• We have to have a flexible system for allowing access to records that can handle a huge number of standard and emergency scenarios.
  • Data Management
    • While we want to protect individual’s records, aggregate data across a population can have a huge positive benefits for the industry. Providing a secure solution that protects individual’s records but also accurately reports on populations is not easy but blockchain solutions are in the works such as Project Enigma at the MIT Media Lab.
  • Systems Integration
    • Existing software systems using a staggering variety of protocols and formats for their data. Getting agreement on standards and then creating adapters to conform to those standards is a gigantic enterprise that will require large scale industry cooperation.

So the big prize of Health Care Records on the blockchain seems out of reach for the foreseeable future. Where are the real opportunities for blockchain?

Identity Management

Plugging in a blockchain-based plug-in module to reliably handle the identities of patients and health care professionals could be huge for the industry. Fortunately, this is true for almost every industry and not just healthcare. Accordingly, there are hundreds of companies, large and small, working on this problem.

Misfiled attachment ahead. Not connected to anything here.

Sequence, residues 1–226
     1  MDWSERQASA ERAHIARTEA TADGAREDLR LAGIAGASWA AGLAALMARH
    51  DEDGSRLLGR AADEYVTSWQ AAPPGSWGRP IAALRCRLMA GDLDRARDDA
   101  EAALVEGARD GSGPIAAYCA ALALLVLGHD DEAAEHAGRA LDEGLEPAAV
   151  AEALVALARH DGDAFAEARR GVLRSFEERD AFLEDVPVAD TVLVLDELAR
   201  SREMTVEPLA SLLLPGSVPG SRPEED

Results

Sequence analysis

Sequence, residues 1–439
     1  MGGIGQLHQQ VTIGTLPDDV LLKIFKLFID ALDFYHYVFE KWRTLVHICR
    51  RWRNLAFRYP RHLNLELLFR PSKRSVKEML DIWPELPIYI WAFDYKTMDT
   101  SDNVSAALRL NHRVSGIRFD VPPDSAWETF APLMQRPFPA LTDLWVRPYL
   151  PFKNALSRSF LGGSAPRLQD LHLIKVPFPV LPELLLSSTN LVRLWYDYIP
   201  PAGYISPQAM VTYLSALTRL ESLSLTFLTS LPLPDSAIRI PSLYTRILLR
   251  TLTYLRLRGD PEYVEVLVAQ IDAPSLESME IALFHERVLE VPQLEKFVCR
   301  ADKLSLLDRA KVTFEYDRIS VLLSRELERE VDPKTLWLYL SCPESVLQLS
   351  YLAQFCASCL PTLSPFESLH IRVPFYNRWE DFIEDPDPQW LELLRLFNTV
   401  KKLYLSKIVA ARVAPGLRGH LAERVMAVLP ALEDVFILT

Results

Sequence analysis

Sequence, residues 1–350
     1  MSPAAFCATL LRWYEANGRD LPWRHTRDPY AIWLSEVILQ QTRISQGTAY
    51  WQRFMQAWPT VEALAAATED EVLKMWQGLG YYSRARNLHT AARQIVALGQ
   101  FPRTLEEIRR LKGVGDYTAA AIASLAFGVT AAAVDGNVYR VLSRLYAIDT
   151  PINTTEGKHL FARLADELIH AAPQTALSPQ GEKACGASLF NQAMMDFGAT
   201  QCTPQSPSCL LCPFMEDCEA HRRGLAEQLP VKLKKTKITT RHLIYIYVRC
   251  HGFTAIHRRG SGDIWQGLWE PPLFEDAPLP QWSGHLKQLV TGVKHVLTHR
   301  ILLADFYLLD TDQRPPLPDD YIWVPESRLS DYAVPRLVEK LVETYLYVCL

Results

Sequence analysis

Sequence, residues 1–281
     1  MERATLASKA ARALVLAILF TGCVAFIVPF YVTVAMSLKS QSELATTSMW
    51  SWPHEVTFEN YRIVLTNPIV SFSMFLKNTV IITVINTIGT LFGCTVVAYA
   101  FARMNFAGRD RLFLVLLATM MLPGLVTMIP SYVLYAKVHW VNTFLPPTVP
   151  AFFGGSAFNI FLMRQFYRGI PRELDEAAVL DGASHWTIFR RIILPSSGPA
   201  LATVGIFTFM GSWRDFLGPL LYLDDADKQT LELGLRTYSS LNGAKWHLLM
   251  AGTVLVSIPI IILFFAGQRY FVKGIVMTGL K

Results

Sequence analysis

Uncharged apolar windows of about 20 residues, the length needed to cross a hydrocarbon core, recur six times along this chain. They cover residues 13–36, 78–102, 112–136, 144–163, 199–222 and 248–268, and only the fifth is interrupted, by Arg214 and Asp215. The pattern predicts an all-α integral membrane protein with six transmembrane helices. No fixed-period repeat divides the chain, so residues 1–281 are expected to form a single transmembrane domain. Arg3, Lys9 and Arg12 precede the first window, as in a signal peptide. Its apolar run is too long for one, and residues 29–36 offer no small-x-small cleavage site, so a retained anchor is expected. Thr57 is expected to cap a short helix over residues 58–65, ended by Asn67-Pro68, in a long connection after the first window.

Last May a huge step forward was taken when Microsoft, Uport and several other companies formed the Decentralized Identity Foundation ( to create consensus standards for identity management. Since then another 25 companies have joined the effort including IBM, Accenture and Hyperledger. This unified effort seems to be the best hope for a blockchain-based identity system within a year or so although there is competition from the ICON foundation among others.

Organic Material Supply Chain Management

Tracking the movement and delivery of drugs, organs, blood, tissue and the like is a huge problem area in healthcare. Billions are lost from fraud, theft, and spoilage. Here a blockchain-based solution can serve to track the movement of shipments by adding records to the blockchain at each step of the delivery process. The unmodifiability of the records provides a reliable means to discover exactly where the problem occurred when goods are lost or stolen.